Last Updated on June 24, 2019 by Ellen Christian
September is storm preparedness month, so I’m sharing these storm preparedness tips with you before the storm hits your area. I’m sure you’ve seen those television programs where a big storm is coming, and everyone runs out and clears the store shelves of bread and milk. That’s how NOT to prepare for a storm. You want to start preparing for storm weather now when it’s sunny and beautiful outside.
Posts may be sponsored. This post contains affiliate links, which means I will make a commission at no extra cost to you should you click through and make a purchase. As an Amazon Associate I earn from qualifying purchases.
You may also like:
5 Storm Preparedness Tips
In Vermont, we have storms in the winter and early spring. Ice, snow, sleet, and freezing rain are very common in winter storms. While we occasionally have spring flooding or a severe summer storm, those are much less common. When we prepare for storms, we are preparing for cold weather, dangerous driving conditions, and loss of electricity.
Shelf Stable Food
You should stock up on shelf stable food now before the shelves are empty. Keep in mind that you may not be able to heat the food depending on what heating source you use to cook. You’ll want to keep food that is filling and relatively nutritious on hand that doesn’t need to be cooked. A few of my favorites are granola bars, dried fruit, nuts, beef jerky, canned tuna, instant soup, canned juice, and trail mix. Rotate your shelf stable food regularly to ensure nothing goes bad before you use it. Most importantly, don’t forget the instant coffee. Your coffee maker won’t work, and nobody needs to face a morning with no coffee.
While we typically keep candles in the living room, I don’t allow the kids to take candles upstairs. Each child has their own flashlight to take to bed with them, and we keep a Virtually Indestructible 3D LED lantern at the top of the stairs that provides enough light to move around in. Make sure that you keep extra matches and batteries on hand. If you use rechargeable batteries, make sure they are always charged. Solar lights can be used outside to provide adequate lighting.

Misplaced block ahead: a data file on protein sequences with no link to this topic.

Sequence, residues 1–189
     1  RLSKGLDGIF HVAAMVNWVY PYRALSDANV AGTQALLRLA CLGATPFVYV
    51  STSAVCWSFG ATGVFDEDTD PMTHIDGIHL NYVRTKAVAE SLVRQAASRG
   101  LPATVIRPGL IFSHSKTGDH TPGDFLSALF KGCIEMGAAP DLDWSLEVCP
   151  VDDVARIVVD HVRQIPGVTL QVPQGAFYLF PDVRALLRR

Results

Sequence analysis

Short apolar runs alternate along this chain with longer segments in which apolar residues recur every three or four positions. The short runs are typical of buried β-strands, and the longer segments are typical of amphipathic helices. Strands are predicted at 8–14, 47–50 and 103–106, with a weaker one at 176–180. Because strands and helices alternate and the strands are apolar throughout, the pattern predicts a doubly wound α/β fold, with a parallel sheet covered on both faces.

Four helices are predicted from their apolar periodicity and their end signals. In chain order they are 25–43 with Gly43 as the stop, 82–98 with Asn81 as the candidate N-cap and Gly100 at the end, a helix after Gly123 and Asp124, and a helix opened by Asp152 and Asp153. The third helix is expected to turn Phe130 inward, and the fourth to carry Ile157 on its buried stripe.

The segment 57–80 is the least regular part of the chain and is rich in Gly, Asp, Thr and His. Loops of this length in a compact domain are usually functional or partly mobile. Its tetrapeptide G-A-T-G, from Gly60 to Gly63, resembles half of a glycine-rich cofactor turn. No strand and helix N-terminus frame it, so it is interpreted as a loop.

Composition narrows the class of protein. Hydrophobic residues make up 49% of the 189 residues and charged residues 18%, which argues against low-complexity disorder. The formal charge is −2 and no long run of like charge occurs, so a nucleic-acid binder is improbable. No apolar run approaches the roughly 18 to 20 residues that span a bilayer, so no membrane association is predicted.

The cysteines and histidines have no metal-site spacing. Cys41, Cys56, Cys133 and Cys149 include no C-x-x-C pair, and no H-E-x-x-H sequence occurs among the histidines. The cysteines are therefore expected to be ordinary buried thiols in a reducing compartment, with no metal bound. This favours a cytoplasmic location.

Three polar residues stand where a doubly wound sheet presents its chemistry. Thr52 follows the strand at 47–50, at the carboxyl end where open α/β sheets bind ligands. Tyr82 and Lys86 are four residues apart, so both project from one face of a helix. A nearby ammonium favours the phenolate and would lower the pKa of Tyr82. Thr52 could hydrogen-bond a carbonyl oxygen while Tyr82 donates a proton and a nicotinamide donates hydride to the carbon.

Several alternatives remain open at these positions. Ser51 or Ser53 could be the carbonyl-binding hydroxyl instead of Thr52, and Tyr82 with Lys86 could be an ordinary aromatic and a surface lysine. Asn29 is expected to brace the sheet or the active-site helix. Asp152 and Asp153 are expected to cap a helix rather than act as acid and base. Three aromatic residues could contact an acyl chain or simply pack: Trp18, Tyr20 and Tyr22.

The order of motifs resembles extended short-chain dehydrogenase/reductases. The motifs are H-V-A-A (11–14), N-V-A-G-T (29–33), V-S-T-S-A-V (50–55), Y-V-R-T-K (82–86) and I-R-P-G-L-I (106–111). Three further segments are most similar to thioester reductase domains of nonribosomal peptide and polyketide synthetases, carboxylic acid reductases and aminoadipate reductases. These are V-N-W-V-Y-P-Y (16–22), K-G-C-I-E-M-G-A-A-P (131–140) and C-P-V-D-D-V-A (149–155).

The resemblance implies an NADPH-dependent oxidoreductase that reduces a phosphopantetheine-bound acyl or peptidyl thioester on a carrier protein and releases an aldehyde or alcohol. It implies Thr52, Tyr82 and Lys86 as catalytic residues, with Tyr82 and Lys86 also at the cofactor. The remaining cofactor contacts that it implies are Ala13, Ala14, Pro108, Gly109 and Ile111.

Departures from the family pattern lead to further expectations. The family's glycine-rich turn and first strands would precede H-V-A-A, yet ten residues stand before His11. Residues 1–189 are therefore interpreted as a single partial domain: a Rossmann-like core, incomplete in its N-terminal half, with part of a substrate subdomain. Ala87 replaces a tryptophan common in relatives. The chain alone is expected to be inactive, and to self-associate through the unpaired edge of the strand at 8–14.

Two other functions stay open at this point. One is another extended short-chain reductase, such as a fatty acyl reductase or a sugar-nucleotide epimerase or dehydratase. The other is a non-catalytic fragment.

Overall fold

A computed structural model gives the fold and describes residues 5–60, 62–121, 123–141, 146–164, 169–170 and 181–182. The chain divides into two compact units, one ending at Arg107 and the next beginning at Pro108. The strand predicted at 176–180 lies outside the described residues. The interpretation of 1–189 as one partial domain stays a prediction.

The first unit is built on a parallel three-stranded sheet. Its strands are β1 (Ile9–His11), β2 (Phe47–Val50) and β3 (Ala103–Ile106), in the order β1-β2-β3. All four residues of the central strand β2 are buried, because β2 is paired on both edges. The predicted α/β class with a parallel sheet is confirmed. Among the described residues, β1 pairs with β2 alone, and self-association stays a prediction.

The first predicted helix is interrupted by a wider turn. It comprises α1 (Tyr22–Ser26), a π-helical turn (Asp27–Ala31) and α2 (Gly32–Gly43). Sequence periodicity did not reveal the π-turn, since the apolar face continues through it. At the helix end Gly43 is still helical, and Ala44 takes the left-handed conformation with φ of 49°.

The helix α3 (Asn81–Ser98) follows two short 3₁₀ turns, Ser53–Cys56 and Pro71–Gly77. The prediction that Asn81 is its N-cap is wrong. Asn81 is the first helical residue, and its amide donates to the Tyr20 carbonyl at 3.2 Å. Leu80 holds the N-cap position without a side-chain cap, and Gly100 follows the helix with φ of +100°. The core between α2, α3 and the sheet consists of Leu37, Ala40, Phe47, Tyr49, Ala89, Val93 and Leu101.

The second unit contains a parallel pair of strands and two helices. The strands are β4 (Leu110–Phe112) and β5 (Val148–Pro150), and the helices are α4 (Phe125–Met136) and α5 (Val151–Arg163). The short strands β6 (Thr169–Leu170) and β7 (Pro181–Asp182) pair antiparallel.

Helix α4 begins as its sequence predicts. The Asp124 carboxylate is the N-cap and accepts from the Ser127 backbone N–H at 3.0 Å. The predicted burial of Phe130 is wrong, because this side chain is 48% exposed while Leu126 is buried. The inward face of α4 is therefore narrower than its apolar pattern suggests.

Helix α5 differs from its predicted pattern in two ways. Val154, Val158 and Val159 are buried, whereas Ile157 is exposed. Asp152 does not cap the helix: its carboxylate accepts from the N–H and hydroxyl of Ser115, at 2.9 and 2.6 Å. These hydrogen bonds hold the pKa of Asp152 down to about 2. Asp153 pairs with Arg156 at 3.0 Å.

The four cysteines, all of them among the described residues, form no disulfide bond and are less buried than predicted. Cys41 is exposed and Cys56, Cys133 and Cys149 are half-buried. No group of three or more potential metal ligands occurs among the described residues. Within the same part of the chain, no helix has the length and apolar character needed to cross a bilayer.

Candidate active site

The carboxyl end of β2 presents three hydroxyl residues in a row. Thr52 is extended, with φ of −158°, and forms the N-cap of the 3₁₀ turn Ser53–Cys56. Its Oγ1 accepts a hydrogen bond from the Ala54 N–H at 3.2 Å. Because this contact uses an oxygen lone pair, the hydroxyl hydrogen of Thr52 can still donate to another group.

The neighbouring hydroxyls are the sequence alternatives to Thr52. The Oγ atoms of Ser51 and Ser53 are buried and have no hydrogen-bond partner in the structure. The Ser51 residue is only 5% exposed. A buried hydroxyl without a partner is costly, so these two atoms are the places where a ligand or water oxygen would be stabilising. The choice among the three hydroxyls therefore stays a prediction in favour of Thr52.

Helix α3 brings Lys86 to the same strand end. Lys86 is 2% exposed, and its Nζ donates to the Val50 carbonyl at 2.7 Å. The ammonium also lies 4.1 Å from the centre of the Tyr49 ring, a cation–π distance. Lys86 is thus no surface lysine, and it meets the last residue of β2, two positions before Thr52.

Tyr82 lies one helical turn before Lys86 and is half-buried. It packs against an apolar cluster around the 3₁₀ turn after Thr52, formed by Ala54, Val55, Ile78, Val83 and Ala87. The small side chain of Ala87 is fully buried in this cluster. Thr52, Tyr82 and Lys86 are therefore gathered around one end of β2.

Warmth and Heating
If you live in a cold climate, you’ll want to be sure that you have a source of warmth and heating if your electricity goes out. We heat with oil, but we have a woodstove in case we lose power. If you’re in a more temperate area, it may simply be a matter of stocking up on extra blankets and warm clothing in case power goes out.
Have you ever had a houseful of kids who are bored? No television, no movies, technology that cannot be charged and no internet? Yeah, that’s not fun whether they are 5 or 15. Stock up on extra batteries for their favorite games, a few new activity books, a board game, art supplies and books. Don’t forget yourself while you’re at it. Add a crossword puzzle book, a few packets of gourmet hot chocolate and your favorite mystery.
You never know where you’ll be when the storm strikes. Be sure that you have storm preparedness items in your car in case you’re away from home. You should keep granola bars, an extra blanket, bottled water, road flares, a portable charger, and a personal security alarm just to be safe. You may find yourself alone in a situation that you need help. If you do, a panic alarm like the Power Protect Charger with a 100-decibel alarm that can be heard up to 200 yards away will scare off would-be attackers and bring help. As an added plus, the Power Protect Charger is also a mobile charger and flashlight. Plus, it’s small enough to keep in your bag.
Ellen is a busy mom of a 24-year-old son and 29-year-old daughter. She owns six blogs and is addicted to social media. She believes that it doesn’t have to be difficult to lead a healthy life. She shares simple healthy living tips to show busy women how to lead fulfilling lives. If you’d like to work together, email firstname.lastname@example.org to chat.